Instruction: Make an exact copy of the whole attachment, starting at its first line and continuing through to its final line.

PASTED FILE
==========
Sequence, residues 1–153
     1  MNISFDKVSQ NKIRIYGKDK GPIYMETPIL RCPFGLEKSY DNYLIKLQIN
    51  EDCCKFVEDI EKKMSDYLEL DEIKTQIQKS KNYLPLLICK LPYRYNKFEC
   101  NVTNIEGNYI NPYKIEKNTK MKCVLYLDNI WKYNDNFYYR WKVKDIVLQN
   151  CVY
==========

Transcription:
Sequence, residues 1–153
     1  MNISFDKVSQ NKIRIYGKDK GPIYMETPIL RCPFGLEKSY DNYLIKLQIN
    51  EDCCKFVEDI EKKMSDYLEL DEIKTQIQKS KNYLPLLICK LPYRYNKFEC
   101  NVTNIEGNYI NPYKIEKNTK MKCVLYLDNI WKYNDNFYYR WKVKDIVLQN
   151  CVY